Last week, I celebrated a somewhat significant milestone in my life — my 25th birthday. Now, as my Dad put it, I’m a quarter of a century old. If I put a little too much thought into it, it’s crazy how much time has passed since good ‘ole 1990. And as it turns out, another book challenge presented itself that fit perfectly with my birthday: “A book that came out the year you were born” (see my latest post: A Book with a Number in the Title). When I began researching books published in my birth year, I unfortunately couldn’t find much of anything that I’d be interested in reading. While I’m trying not to be too picky with this challenge, I couldn’t help but feel I needed to read something special for my birthday. And that’s what led me to choose “Jurassic Park” by Michael Crichton. Despite already having read this in the past, it’s one of my favorite books that just gets better and better with each read. When I was little, I was absolutely terrified of the movie (and rightly so) but after getting over my fear of being eaten alive by dinosaurs, it’s become one of my favorite movies. And while the book and film have many similarities and differences, there are merits to each of them that make it a timeless classic. Either way, the message remains the same in both: the ethical impacts of scientific discovery.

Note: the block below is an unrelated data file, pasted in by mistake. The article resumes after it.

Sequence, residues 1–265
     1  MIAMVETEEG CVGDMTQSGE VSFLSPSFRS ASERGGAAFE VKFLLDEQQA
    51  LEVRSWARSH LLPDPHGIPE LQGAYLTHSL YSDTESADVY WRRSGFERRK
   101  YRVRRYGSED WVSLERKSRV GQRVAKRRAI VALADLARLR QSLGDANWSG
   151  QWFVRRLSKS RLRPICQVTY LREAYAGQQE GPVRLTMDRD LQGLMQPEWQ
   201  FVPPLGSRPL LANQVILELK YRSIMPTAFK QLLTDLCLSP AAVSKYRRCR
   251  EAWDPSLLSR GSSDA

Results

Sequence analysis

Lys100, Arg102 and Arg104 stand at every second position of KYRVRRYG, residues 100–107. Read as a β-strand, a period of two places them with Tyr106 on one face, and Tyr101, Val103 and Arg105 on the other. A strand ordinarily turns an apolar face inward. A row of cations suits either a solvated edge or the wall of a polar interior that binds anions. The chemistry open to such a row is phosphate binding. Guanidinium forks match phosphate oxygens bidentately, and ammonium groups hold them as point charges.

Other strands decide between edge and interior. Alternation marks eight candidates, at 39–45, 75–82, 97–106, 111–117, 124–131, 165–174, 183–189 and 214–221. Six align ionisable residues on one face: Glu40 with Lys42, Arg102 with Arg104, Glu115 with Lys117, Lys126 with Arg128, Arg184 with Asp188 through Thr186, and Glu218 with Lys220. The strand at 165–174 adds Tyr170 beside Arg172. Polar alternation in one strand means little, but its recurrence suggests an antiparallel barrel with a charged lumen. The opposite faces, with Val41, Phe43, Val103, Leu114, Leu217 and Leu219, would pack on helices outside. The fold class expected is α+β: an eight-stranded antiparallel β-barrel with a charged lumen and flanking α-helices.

“Life finds a way.” Perhaps one of the greatest quotes of all time, this philosophical idea paves the way for the entire premise of the Jurassic Park tale. With continuous popularity more than a decade after its coming out, I think it’s safe to say we all know how this story goes. Under the vision of idealistic but naïve John Hammond, scientists have found the ability to bring back dinosaurs from extinction. And on a remote island off the coast of Costa Rica, this prehistoric attraction is about to open for people around the world. But with the fear of investors backing out, several experts from respective fields are brought in to review the park and confirm its “safety.” There’s paleontologist Alan Grant, paleobotanist Ellie Sattler and mathematician Ian Malcolm. Hammond even brings in his own grandchildren, Tim and Lex, to show how attractive the island will be to its main customers: kids. But the park isn’t all it seems as several problems become noticeable in small ways. Eventually, the park attendees have an even bigger issue on their hands when (SPOILER ALERT) the dinosaurs escape, causing Hammond’s seemingly perfect plan to fall apart.